To me, there’s very little difference in what it means to be young and what it means to be young at heart. As a musician, I am constantly learning new techniques, tunes, dances, songs, stories, etc., regardless of my formal training or age, allowing me to grow as an artist, performer and entertainer. I learned in the same way when I was four years old as I do now…nearly two decades later!
I’ve taught – and been taught by – people of all ages, which has shown me that being young at heart is all that matters in a person’s willingness to learn something new, whether it’s a one-time experience or a new adopted hobby.
In my experience teaching music and Irish dance to people of all ages, I see the same excitement and ability to learn in everyone. The rush that comes over us when we learn something new, overcome a personal challenge or experience something we never thought we would – those feelings of pride and feat are universal. Our hearts race, our smiles brighten and our confidence soars.
Two quick, fun new skills to learn at any age are how to play the tin whistle and how to do an Irish jig.
Learning to Play the Tin Whistle
The tin whistle is a relatively easy instrument to pick up, but a hard one to master. If you have any experience playing a woodwind instrument, including the recorder or the flute in elementary school, this helps but is not a prerequisite.
I don’t remember the exact age when I started playing the tin whistle, but it was a few years after I started playing the harp. My teacher at the time didn’t teach tunes using sheet music but rather she scribbled letters across note paper with tick marks over certain notes to indicate different octaves. Knowing how to read music is NOT necessary to pick up this melodic instrument, but if you choose to pursue the instrument, it certainly helps. A fundamental understanding of the first seven letters of the alphabet, however, is required.
The other great thing about the tin whistle is the fingering patterns. For the most part, it is very straightforward – there are six holes. If they are all covered, that’s a note. As you raise a finger off each of the holes going up, you play a new note with each raised finger going up the scale. If you uncover all the holes in order, you played a scale. Sounds easy, right? Great, let’s get started.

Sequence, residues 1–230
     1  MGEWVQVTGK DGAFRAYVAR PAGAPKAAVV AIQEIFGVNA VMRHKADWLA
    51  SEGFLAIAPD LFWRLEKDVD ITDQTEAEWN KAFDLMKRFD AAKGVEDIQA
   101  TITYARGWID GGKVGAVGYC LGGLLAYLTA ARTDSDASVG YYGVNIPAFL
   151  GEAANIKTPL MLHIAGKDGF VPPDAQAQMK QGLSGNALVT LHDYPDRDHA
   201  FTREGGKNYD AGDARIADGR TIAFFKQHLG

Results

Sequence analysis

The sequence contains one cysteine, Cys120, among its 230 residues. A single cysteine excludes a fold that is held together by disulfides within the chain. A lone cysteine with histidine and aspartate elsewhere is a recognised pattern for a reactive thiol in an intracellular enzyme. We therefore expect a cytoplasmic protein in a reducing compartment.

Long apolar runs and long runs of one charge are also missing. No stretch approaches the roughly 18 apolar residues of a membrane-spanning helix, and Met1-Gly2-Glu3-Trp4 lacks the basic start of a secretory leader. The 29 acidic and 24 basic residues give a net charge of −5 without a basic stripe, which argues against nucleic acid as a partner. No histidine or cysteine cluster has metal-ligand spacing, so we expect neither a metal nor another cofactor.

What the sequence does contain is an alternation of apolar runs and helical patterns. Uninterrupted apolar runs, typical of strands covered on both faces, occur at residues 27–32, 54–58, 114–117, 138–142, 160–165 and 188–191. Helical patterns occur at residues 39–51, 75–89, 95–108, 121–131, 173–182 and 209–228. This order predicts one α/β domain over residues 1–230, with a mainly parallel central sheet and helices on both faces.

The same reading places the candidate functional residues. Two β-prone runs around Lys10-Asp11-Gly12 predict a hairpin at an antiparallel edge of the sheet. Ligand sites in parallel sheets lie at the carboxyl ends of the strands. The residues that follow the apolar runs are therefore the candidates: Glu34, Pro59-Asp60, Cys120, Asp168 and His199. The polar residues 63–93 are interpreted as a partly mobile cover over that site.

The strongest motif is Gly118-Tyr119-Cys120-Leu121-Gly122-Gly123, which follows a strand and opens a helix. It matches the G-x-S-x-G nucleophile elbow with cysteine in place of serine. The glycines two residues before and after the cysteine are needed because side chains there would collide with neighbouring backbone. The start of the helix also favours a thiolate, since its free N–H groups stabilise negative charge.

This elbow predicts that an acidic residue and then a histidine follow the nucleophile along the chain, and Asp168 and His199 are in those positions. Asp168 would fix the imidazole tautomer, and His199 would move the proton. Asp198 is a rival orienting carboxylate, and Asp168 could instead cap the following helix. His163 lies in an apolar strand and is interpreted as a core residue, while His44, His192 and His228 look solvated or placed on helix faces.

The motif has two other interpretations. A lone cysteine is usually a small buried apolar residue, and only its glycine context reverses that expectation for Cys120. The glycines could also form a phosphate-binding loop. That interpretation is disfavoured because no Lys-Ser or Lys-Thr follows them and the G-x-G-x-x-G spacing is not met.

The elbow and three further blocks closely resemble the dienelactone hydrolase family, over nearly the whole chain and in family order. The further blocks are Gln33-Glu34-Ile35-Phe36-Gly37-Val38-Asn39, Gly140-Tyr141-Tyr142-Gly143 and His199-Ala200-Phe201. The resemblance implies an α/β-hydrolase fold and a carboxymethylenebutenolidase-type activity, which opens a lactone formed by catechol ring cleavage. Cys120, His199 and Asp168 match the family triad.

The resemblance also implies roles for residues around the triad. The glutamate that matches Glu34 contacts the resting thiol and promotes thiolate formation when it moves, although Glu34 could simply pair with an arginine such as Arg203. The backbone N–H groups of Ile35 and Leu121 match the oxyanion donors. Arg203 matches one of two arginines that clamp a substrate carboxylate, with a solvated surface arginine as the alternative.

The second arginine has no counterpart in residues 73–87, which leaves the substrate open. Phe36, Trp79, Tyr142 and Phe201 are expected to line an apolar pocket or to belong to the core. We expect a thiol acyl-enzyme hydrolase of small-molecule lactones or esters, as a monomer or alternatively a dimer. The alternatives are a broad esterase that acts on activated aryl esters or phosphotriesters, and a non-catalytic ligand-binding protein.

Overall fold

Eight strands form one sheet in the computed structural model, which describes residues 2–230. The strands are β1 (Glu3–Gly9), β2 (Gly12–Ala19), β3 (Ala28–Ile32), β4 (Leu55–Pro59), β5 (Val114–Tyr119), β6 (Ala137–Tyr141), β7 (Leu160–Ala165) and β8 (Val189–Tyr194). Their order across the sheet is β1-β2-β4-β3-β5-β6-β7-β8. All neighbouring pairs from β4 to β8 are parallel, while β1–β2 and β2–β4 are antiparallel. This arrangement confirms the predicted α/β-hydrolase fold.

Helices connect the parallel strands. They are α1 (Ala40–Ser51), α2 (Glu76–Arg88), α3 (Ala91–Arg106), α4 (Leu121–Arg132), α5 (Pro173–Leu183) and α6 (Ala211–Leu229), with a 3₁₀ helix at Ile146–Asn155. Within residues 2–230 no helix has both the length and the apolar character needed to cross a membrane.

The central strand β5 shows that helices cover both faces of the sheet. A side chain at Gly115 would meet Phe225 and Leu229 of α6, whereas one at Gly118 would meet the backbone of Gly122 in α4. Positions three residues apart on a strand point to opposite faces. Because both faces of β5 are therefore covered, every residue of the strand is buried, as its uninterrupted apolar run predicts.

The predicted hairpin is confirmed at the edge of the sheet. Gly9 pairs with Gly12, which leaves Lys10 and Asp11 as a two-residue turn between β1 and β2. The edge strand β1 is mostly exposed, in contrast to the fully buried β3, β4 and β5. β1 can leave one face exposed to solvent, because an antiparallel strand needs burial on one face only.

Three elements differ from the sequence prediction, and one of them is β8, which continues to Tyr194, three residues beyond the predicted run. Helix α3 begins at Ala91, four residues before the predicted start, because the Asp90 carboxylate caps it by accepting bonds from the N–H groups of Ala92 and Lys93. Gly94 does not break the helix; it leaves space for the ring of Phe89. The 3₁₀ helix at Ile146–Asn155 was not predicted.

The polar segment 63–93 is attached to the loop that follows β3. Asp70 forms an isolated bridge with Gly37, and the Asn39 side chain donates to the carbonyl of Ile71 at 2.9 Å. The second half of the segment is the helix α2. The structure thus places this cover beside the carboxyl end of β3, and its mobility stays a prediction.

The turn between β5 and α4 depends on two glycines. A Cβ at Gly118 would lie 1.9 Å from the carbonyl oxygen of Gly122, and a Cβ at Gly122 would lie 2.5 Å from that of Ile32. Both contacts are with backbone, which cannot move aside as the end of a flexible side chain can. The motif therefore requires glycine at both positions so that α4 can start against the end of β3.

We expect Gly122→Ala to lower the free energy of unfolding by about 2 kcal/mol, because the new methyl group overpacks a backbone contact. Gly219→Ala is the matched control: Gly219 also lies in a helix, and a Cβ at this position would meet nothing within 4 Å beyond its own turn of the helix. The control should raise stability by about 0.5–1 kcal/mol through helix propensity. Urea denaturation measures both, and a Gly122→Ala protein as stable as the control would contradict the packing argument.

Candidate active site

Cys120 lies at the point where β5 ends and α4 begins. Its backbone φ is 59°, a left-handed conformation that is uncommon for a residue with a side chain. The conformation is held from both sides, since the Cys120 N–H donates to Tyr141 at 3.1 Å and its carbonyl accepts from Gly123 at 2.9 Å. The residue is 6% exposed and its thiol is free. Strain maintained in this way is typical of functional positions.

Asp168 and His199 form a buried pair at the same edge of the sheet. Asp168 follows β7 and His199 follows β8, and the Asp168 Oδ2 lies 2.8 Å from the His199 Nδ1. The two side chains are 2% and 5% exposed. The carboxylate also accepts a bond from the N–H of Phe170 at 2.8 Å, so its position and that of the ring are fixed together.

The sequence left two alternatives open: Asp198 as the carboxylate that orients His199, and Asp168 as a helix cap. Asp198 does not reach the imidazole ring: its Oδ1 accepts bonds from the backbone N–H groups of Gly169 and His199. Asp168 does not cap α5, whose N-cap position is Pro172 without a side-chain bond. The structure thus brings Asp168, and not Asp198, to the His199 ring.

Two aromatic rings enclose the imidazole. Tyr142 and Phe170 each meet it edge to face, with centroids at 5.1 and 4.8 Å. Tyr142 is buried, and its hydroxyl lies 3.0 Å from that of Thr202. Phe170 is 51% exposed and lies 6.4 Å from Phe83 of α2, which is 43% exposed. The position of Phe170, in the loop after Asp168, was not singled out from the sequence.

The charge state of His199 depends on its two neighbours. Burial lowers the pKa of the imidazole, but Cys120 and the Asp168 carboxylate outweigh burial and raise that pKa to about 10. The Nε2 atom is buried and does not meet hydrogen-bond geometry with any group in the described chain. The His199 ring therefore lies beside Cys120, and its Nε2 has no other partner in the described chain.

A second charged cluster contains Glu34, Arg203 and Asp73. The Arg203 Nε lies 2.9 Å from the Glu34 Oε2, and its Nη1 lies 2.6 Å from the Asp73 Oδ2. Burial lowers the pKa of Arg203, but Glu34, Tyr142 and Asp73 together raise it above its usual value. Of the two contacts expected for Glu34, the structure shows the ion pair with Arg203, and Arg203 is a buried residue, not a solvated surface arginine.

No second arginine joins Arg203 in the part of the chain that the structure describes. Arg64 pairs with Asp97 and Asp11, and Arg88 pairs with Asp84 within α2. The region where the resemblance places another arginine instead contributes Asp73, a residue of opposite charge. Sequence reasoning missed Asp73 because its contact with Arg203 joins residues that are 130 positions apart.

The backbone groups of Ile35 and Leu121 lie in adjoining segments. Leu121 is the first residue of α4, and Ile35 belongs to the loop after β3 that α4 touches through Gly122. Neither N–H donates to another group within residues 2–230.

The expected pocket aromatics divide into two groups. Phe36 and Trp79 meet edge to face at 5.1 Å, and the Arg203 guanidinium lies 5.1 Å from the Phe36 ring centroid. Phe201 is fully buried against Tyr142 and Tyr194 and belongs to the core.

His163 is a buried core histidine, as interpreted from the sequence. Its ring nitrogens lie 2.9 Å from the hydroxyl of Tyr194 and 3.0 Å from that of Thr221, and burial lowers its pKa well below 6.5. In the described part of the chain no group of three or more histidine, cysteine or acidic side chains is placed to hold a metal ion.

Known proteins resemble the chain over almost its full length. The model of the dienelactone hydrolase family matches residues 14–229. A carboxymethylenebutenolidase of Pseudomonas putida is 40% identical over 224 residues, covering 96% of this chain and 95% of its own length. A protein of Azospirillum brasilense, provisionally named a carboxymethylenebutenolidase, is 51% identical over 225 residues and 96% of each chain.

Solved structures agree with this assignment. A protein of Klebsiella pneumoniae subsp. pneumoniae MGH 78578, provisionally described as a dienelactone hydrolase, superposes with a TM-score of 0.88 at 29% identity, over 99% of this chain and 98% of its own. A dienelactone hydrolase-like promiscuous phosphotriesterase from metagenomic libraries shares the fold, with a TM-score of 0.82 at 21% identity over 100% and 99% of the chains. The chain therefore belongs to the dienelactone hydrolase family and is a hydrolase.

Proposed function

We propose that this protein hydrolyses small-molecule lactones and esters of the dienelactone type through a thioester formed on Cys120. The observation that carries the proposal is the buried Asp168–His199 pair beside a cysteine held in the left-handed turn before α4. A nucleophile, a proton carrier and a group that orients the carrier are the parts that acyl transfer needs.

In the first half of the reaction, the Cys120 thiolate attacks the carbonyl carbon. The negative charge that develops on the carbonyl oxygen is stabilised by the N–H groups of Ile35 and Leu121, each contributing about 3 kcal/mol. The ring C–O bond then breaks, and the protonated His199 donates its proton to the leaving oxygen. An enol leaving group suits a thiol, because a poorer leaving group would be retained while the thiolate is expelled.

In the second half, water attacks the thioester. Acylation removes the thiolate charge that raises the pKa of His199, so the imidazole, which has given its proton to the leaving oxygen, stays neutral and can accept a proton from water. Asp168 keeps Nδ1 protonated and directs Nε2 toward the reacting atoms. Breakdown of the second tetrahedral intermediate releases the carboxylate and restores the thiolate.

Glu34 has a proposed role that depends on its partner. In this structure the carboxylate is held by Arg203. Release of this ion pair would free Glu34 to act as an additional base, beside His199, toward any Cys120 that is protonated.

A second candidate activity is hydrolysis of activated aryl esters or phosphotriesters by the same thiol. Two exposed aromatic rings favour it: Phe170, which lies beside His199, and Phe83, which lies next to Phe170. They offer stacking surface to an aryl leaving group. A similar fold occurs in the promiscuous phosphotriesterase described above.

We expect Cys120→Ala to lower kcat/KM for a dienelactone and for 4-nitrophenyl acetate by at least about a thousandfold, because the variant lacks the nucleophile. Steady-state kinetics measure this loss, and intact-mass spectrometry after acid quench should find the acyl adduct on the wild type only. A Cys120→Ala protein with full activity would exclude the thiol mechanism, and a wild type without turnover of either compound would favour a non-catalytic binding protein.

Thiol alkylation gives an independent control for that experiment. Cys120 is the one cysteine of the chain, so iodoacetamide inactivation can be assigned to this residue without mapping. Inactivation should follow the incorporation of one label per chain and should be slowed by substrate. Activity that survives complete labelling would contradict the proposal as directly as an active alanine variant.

Learning to Irish step dance
Every year around St. Patrick’s Day, I end up at a bar and someone gets up to do a “jig.” Somehow, every year, I can’t hold myself back from saying, “That’s not a jig!” which is often met with, “Oh yeah, well then YOU do one!”
Believe it or not, this can be YOU next St. Patty’s day. I’ve taught traditional six-part jigs to seven-year-olds and 70-year-olds alike. These classes are more than just exercise and a really cool bar trick; they incorporate lessons about traditional Irish music, the difference between different kinds of dances and the history and traditions surrounding the ancient art.
Young or young at heart, it’s never too late to learn
I believe it’s important to take non-traditional approaches to exploring the arts. Today, there are millions of classes, especially for kids, that are considered “music” classes, but a quick glance at the curriculum screams, “expensive day care” to me. Growing up, my music lessons came in many forms…
- Choirs and choruses
- Harp and tin whistle lessons
- Ceili bands
- Dugan’s Hooligans rehearsals and performances
- Musical theater
- Arts camps
- Irish music seisiuns
- Live music concerts
- Arts festivals
- …and many more.
To this day, I’m still learning from listening to music, practicing my harp, expanding my repertoire for new performances, playing at open mic nights and Irish seisiuns in Manhattan…it never stops. Recently, I’ve been thinking about picking up a new instrument, the concertina, I just need to get my hands on an affordable one!
Challenge yourself to do more because you will likely be surprised at how fun learning music can be. If you don’t learn in the traditional structured setting, that’s okay! There are many ways to learn and experience music.